Important telephone numbers 

Use 120 to call an ambulance, use 112 to call the fire brigade, and use 110 to call the police.

Kids stay in parent bed

When booking a hotel in China, it is usual that kids stay in the parent bed. You need to read the details of how many beds are available. Sometimes the hotels can set up a bed for your kid on request, but this may add extra costs to your bill.

The same hotel room might offer different conditions, depend on where you book. Our family usually book hotels via an international booking platform, such as Booking.com. Or, you can book a room on www.HotelsCombined.com, .which has prices from different hotel booking platforms. You can get a good overview of the hotel situation.

 

One breakfast per room

If you use local websites to book a hotel, sometimes only one breakfast is included even you book a room for two. The second person has to pay for breakfast on site. Ask the price upfront to avoid a potentially high cost. 

In Shanghai, for example, the local’s breakfast has a large variety. 

Deposit payment during the hotel stay

Sometimes you pay a hotel when you checkout. When you check-in, the hotel will block a certain amount on your credit card to make sure that they can charge you upon checkout. The amount is somewhat higher than the hotel costs. The extra amount is the deposit for any potential damage caused during your stay.

 

Limited leg space in local buses

Some buses have limited leg spaces. Many local buses serve as public transportation in big cities, towns, or between cities. It is very cheap and quite convenient to reach places. But some buses are minivans. In order to carry as many people as possible, bus companies place more seats inside. 

There is a very small leg space between rows, in most cases, only the locals can fit into the spaces. Take a look before you get on. You might think you can just stand inside, but this also not possible. You will have to bend down yourself during the entire journey. Or there is no place to stand at all

Difficulty to call a taxi 

In some big cities, it is very difficult to call a Taxi, such as in Shanghai. Locals use Apps to call Taxis. Many taxis on the roads are either ordered by someone or have guests in. When it is raining or during the rush hours, there is nearly no chance to flag one roadside. You should ask the hotel staff to try to get one for you, if possible.

 

Bargain at a much lower price

When visiting open markets and some privately owned shops, you should start to negotiate at a much lower price. If the price is, for example, 100 yuan, then start to negotiate at 20 yuan. You might get the deal done at 30-40 yuan. Of course, you have to judge case by case, and sometimes you might only get a little discount.

Food is distributed by the host when being invited

If you are invited by the Chinese to have a Chinese meal, you will have to share dishes with other guests from the big plates. The Chinese host will order the food for everyone and usually also distribute the food to your plate. Don’t feel strange if you encounter the situation. It is a typical table manner in China. If you prefer to take food from the big plates yourself, then mention it to the host so that you can do it yourself.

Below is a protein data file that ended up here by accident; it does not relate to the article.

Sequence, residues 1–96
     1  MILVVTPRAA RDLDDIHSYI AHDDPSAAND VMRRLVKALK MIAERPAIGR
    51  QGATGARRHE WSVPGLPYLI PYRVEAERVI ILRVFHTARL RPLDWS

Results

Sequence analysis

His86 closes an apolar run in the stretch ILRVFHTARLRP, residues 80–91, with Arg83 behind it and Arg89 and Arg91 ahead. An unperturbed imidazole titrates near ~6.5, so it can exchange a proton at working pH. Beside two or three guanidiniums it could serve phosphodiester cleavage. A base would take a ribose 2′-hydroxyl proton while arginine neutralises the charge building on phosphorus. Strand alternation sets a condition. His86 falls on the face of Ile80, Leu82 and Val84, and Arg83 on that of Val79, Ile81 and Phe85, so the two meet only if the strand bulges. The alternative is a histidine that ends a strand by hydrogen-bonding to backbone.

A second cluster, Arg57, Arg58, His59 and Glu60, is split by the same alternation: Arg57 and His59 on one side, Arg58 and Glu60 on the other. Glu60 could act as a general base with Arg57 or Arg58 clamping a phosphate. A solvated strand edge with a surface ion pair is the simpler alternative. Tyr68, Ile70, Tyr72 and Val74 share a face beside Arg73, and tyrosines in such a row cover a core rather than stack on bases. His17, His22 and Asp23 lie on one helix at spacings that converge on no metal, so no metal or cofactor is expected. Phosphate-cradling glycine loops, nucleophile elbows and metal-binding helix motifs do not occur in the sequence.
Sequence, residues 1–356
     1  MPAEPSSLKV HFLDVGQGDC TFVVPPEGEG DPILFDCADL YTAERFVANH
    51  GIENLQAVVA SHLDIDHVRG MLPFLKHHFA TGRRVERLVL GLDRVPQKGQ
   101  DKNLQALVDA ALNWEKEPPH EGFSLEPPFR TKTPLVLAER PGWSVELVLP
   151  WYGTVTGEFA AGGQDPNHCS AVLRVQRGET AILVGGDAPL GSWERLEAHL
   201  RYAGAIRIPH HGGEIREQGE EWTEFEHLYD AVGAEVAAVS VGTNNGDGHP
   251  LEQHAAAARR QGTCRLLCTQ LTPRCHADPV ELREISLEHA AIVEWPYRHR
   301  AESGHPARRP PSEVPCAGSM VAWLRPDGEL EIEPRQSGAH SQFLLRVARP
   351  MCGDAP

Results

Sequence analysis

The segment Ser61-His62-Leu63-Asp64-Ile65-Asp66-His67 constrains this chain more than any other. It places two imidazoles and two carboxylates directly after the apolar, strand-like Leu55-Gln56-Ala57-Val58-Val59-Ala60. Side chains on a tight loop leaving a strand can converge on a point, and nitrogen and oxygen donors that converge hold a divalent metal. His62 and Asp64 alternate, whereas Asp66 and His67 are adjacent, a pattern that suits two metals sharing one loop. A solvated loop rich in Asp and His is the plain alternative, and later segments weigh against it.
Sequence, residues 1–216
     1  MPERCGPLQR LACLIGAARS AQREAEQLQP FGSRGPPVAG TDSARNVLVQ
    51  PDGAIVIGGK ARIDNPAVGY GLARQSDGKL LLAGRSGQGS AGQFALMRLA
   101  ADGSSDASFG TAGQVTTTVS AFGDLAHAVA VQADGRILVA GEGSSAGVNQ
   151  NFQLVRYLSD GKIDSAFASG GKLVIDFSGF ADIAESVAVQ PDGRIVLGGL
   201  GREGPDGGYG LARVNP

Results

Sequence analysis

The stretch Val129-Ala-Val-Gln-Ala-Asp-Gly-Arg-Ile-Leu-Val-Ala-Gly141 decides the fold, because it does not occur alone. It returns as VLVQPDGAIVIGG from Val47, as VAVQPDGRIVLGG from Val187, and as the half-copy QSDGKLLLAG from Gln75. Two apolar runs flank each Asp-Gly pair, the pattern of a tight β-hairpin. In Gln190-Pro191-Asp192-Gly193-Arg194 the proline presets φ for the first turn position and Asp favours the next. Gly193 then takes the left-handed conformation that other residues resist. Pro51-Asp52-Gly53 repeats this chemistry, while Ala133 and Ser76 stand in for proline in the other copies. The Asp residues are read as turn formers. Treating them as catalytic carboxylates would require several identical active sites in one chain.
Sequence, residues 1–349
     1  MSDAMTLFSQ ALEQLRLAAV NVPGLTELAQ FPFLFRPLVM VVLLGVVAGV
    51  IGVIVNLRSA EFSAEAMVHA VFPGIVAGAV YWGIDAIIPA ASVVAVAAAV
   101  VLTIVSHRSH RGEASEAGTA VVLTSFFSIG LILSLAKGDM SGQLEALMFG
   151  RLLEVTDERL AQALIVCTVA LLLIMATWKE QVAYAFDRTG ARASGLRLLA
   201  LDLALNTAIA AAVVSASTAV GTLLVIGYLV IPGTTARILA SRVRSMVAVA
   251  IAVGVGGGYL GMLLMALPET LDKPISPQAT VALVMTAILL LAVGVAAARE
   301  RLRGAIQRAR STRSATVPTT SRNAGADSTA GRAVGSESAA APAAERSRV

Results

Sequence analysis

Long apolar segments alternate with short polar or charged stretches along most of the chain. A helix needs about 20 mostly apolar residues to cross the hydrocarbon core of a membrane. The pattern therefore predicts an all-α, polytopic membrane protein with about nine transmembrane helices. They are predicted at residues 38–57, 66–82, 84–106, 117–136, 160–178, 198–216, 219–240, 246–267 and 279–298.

Leave some food on your plate when you finish eating

If the Chinese invite you to a Chinese meal, make sure you leave some food on the plate when you finish the meal. This way, the host knows that you don’t want anything anymore. Otherwise, the host will keep offering food to you.

Nowadays, in some places, locals might not follow this tradition. However, in the remote or small areas, this tradition still applies. The situation is still one of the essential things to know before visiting China.

Expect flight delays

Some domestic flights can have hours of delay. If you have a tight schedule in China and have followed up connections, you need to take the situation into consideration. Sometimes it is wise to take high-speed trains because the trains are nearly always on time.

Go to Train Station or Airport early enough

You should arrive at the airport at least 3 hours before the departure of an international flight and at least two hours before the departure of a domestic flight. Sometimes in an international airport, you have to pass the first security check at the entrance. 

The second one before the border control is the usual airport security check. You should also arrive at large train stations two hours before the departure of a train. 

In large train stations, there are many passengers even on usual working days. You might need to queue in front of the security check, in restaurants, or even in front of toilets. Allow yourself to have enough time to get around at these places.